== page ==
What Is The fate Of The Etisalat Prize For Literature? – Nigerian Writers Ask.

As Etisalat Nigeria drops its name to formally assume a new identity as 9mobile following the exit of the Etisalat brand from Nigeria after terminating its management agreement with local partner EMTS, many Nigerian subscribers of the Telco are left wondering what becomes of the services they were used to enjoying from Etisalat.

The Nigerian Writers’ community is doubly fazed, almost to the point of agony and the reason is not farfetched; Etisalat Nigeria was active in the Arts space, concretising its patronage with the sponsorship of the first ever pan-African literary prize, the Etisalat Prize for Literature since 2013. The Prize is awarded annually for debut published African writers of fiction books. Etisalat Nigeria also sponsors the annual Etisalat Flash Fiction Award, an online-based short story writing contest open to African writers.  

Friday – John Abba, a Nigerian writer encapsulated the mood of writers in his despairing facebook post this morning, “Biko, what will happen to the Etisalat Prize for Literature?” he asks. This is in spite of the fact that submissions for the 2018 prize opened only on the 3rd of this month and is expected to remain open till 18th September, 2017 as announced by the then CEO of the then Etisalat Nigeria.
Friday - John Abba
Expectedly, Mr Abba’s hard question attracted a surfeit of comments, each masking a deep apprehension by the commenting writers of the prospect of losing this big sponsorship.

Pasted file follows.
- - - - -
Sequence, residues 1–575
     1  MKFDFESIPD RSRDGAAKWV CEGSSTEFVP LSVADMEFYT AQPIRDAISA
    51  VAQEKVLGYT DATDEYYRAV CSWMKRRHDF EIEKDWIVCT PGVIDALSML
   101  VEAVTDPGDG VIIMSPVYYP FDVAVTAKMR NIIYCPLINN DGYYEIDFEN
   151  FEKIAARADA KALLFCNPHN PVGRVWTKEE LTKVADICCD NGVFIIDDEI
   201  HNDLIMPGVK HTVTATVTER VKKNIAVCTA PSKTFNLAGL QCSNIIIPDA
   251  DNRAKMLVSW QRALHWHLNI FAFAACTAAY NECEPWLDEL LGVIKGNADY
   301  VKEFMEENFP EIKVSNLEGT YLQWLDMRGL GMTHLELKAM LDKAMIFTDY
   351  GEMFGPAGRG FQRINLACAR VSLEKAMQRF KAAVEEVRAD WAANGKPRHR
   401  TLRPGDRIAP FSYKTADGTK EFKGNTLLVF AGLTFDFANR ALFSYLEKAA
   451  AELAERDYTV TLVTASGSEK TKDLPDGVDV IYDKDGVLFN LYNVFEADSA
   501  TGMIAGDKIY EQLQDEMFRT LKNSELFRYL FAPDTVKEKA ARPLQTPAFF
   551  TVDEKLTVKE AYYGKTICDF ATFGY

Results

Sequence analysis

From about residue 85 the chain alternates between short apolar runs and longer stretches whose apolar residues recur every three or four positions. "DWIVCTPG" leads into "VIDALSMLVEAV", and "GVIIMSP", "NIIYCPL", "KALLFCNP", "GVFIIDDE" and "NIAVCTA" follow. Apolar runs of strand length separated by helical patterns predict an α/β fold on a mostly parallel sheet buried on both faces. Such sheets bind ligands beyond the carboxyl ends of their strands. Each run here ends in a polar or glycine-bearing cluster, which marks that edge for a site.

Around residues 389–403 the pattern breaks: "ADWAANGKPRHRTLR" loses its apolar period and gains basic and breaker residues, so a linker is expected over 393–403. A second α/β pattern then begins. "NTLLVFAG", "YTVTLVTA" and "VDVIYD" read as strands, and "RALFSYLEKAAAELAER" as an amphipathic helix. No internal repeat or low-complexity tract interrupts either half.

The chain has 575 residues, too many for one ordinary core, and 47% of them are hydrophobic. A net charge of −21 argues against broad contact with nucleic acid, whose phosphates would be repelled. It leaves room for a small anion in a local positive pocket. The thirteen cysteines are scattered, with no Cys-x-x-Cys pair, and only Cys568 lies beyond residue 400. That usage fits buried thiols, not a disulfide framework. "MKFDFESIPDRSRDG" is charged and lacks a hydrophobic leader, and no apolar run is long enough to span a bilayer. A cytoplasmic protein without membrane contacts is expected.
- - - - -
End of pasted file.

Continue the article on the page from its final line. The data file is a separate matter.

Henry Akubuiro, Writer and Journalist gives a terse but clearly downhearted remark “No answer yet”
“With huge debts, it may be suspended”, Isaac Attah Ogezi, the Legal officer of ANA, Nigeria’s foremost Writers’ body couches his response in a hue of circumspection, his lawyer instinct obviously guiding him while alluding to the financial reasons while the parent Etisalat UAE pulled out of Nigeria. BM Dzukogi, writer and Arts administrator weighs in with sarcasm “Hope it would not be F9mobile?”

Mr Abba, whose question never really got answered offers an intervention that best defines what Nigerian and African writers presently feel in the face of uncertainty tainting the future of the Etisalat prize. “I hope that the new owners will pursue the same dream”. For now, hope is all there is for Nigerian writers wary of a big depletion that the probable termination of the Etisalat Prize will have on the country’s wobbly Arts support structure sparsely sustained by only a few available patrons.